In essence, the hardening-off process requires careful consideration and a well-thought-out approach. Avoiding these common mistakes ensures that your plants have the best chance to thrive as they move from the comfort of your indoor space to the dynamic challenges of the great outdoors.


Do you have to harden off tomato plants?

Yes, you have to harden off tomato plants. Tomato plants, like many other seedlings, benefit from the gradual transition to outdoor conditions to avoid stress and damage.

Do onion seedlings need to be hardened off?

Yes, onion seedlings also need to be hardened off. Hardening off helps them adapt to outdoor conditions and ensures a healthier growth pattern.

What happens if you don’t harden off?

If you don’t harden off your plants, they can experience transplant shock, which may lead to stunted growth, wilting, or even plant death when suddenly exposed to outdoor conditions.

Can you harden off plants with a fan?

Yes, you can use a fan to help harden off plants. A gentle breeze from a fan can simulate outdoor wind conditions and promote stronger stem development.

When should I start hardening off?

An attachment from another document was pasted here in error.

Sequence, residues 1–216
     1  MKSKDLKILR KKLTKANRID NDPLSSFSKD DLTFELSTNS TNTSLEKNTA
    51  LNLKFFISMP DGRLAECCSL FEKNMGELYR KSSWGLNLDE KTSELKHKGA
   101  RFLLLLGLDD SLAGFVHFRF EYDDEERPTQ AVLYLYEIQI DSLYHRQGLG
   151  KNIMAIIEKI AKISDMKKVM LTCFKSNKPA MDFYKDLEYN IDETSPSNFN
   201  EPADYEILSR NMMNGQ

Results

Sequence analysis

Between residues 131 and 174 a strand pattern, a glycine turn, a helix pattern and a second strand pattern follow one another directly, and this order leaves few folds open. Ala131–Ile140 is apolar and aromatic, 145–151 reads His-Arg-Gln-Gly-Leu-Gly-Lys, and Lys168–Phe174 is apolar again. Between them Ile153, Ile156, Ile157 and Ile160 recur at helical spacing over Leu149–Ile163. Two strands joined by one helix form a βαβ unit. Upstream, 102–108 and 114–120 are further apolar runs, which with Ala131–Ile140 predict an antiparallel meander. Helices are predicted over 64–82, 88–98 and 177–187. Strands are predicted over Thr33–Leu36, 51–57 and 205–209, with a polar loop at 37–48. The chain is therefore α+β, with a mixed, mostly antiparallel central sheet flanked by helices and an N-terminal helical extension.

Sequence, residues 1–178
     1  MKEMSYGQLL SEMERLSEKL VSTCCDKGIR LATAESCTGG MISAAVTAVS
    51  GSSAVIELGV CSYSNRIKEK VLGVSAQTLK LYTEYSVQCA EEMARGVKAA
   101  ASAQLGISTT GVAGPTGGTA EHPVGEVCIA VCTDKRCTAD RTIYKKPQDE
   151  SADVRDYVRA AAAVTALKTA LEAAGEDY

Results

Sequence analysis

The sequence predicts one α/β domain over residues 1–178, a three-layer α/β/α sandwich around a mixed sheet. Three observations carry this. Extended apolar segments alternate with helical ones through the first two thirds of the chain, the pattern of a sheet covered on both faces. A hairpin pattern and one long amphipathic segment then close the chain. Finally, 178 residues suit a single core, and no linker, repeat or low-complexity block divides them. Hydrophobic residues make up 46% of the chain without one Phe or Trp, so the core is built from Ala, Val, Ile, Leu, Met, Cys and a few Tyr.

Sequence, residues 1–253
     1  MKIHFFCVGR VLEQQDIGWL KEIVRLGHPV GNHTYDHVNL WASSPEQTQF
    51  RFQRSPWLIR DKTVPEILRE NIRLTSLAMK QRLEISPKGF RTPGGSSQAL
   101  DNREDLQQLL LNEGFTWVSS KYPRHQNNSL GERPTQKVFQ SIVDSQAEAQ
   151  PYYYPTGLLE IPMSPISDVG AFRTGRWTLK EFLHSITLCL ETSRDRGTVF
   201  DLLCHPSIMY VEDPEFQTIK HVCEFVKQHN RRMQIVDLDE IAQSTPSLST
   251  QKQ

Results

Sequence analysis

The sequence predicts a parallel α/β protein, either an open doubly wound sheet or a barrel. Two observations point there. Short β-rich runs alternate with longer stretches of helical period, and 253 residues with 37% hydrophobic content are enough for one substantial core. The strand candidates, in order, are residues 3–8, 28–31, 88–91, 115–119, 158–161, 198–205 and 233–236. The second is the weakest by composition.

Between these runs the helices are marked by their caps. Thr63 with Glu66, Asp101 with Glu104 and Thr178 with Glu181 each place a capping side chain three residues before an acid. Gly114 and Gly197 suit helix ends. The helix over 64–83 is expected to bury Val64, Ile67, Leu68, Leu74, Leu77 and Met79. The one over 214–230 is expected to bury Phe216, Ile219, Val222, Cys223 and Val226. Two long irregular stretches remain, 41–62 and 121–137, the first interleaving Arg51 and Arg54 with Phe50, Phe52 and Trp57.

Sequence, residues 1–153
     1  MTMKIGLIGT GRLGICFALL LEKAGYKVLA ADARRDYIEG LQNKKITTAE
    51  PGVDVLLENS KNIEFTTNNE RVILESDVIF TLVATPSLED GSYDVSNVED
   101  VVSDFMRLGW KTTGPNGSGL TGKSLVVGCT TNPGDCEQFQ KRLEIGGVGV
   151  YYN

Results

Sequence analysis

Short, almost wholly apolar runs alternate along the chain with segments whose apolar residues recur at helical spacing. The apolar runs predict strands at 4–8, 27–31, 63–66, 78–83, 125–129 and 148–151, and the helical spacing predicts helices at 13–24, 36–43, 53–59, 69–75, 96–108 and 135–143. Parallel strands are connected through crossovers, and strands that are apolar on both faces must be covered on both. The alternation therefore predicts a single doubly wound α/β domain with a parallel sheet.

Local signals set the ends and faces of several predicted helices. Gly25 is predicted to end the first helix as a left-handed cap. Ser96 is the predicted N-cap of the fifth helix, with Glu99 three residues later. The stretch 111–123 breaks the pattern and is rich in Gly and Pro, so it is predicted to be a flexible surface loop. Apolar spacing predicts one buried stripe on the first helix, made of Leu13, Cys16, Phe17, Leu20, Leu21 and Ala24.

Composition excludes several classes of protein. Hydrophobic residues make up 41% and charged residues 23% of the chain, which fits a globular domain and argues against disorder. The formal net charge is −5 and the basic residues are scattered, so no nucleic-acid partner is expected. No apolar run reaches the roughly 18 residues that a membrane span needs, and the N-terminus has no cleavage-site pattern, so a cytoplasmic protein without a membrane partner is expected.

The timing for starting the hardening-off process varies based on your local climate, but it’s typically about 1 to 2 weeks before your planned outdoor planting date.

What temperature do plants harden at?

Plants generally harden off when exposed to temperatures between 45°F to 55°F (7°C to 13°C). However, this can vary depending on the specific plant species and their tolerance to temperature fluctuations.

Final thought 

In conclusion, I’ve learned that hardening off plants is super important for a successful garden. It’s like a gentle transition from indoor to outdoor life. I’ve realized that taking it slow and being patient is key. Rushing or skipping this step can cause problems for my plants.

I’ve also figured out that paying attention to the weather is crucial. Putting my plants outside on windy or super cold days can hurt them. So, I’ve learned to check the weather forecast and plan accordingly.

Lastly, avoiding common mistakes like overwatering and over-fertilizing has become a habit. I now adjust my care routine to what my plants really need.

All in all, hardening off is like a secret recipe for a healthy garden. It’s made me a better gardener, and I’m excited to see my outdoor plants thrive thanks to this process.